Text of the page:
Politics are a touchy matter for Christians.
Our parents and grandparents might have been the constituents of the Moral Majority that swept Ronald Reagan into the White House and made names like Jerry Falwell and Pat Robertson household names. While the Religious Right has made most of the headlines over the past few years, a very strong religious movement exists left-of-center as well. Various leaders of the civil rights movement, liberation theologians and Jim Wallis’s God’s Politics blog are examples of these movements. We’ve witnessed an age where discussion of religious faith in the public sphere has gone from taboo to demanded. Try telling Mitt Romney or Barack Obama that the Constitution forbids any religious test for public office.
Rick Santorum came from total obscurity to become a presidential frontrunner in a couple weeks’ time last December, for no other reason it seemed than he could deftly use religious language and assure the evangelical wing of the Republican Party that their social issues had not been forgotten. Here is Santorum’s take on the role of religion in public life.
Even Barack Obama, a pluralist by confession and representative of a party that generally advocates for a strong separation of church and state, has made several very personal statements of faith. See here and here for details.
As Christians, I believe it is appropriate and inevitable–indeed, that it is essential–that our faith impact how we view the act of governance. If we do as the Apostle Paul says and “take captive every thought and make it obedient to Christ” (2 Corinthians 10:5), then Jesus will have something to say about how we conduct ourselves in the public sphere and even how we advocate for public policy.
Yet there is something very disturbing about how comfortable we’ve gotten using religious language in public policy debates. A new poll released by the Pew Forum on Religion & Public Life suggests that many Americans agree. As someone who passionately believes that Jesus Christ is Lord and Savior, that his Gospel is the key to the redemption of the world and that the Creator should be acknowledged and glorified in every aspect of the Creation, my trepidation at religious language stems not from any secularism, but just the opposite. The name of Jesus is too holy and precious to be callously bandied about for political gain.
This is especially disheartening when you consider that God-talk in America today bears very little resemblance to the Gospel of Jesus Christ. In a piece written just prior to the 2004 election, conservative commentator George Will does an excellent job describing how the use of religious language has been co-opted to support an increasingly secular civil religion. The virtues of freedom and liberal democracy–even social justice and social conservatism–have overtaken Jesus’s redeeming death and resurrection as the salvific agents in a fallen world. By investing our Presidents with divine mandates and policy debates with apocalyptic implications, we support the blasphemy that the salvation of mankind is in our hands.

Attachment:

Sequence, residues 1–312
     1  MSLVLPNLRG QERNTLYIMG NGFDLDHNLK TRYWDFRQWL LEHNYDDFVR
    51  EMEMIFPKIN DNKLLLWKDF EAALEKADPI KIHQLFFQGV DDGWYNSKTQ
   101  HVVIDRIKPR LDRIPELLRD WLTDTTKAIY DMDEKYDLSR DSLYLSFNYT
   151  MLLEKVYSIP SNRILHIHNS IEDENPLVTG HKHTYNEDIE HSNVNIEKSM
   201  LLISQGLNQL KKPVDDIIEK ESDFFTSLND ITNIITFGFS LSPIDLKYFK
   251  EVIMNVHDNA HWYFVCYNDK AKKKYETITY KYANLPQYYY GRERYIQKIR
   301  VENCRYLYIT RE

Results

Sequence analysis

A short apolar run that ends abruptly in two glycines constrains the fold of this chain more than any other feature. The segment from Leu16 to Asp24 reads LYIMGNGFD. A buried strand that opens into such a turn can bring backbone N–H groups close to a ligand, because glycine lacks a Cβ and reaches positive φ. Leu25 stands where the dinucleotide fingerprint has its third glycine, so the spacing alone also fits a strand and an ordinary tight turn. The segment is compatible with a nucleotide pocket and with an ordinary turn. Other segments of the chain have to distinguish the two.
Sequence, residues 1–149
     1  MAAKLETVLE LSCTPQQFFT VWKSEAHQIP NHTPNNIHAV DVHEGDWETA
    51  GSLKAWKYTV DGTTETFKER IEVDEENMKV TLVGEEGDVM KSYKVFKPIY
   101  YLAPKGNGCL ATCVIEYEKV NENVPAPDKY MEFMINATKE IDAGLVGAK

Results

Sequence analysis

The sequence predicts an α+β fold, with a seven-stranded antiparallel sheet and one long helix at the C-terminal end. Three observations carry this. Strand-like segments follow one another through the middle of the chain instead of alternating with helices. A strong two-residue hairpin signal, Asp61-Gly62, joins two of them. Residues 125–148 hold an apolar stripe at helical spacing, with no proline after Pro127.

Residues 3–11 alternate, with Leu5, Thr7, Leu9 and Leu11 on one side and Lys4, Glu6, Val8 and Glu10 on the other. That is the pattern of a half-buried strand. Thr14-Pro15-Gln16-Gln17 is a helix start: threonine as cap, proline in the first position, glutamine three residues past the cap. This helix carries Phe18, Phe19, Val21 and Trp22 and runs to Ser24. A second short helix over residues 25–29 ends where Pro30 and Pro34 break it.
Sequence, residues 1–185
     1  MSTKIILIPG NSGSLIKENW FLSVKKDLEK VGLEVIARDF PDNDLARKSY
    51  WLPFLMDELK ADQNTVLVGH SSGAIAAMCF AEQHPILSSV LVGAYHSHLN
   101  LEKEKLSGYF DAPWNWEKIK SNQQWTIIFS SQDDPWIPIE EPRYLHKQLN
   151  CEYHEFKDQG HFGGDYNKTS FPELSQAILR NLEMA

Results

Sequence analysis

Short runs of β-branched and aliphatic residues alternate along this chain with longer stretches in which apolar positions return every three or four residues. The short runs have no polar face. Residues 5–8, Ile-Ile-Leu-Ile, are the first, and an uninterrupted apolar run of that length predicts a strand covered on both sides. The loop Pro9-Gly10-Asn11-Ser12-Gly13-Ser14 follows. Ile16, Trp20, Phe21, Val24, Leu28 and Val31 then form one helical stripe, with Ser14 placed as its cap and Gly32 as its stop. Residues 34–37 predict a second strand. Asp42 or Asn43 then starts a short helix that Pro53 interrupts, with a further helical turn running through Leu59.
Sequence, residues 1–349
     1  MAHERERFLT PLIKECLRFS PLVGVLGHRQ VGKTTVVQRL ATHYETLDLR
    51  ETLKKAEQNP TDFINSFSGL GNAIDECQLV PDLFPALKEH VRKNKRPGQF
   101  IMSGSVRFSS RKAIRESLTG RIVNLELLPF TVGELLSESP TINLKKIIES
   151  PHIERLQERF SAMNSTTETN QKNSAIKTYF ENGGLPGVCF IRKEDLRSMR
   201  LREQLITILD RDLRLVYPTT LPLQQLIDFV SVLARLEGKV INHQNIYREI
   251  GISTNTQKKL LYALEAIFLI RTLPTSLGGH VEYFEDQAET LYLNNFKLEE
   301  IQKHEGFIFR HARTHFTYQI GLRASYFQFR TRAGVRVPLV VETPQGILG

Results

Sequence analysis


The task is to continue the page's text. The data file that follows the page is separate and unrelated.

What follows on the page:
Mostly I’m asking that we be careful when we drag the name of Jesus into the mud-slinging brawl called politics. Extreme humility and caution is necessary. President Obama’s commencement speech at Notre Dame three years ago was a good discourse on how our nation should approach the integration of faith and politics. More than anything though, we must not confuse our loyalty to our God with anything temporal and worldly–including patriotism and good works.
No one but Jesus–not Barack Obama, Rick Santorum, Mitt Romney or even the United States as a whole–is going to save the world. Telling religious narratives about institutions of this world not only discredits those institutions; it tethers our faith to imperfect, fallible and sometimes just plain ignorant ideologies. The discussion of religion in the public sphere is not bad. But the discussion of the public sphere as a religion is downright dangerous.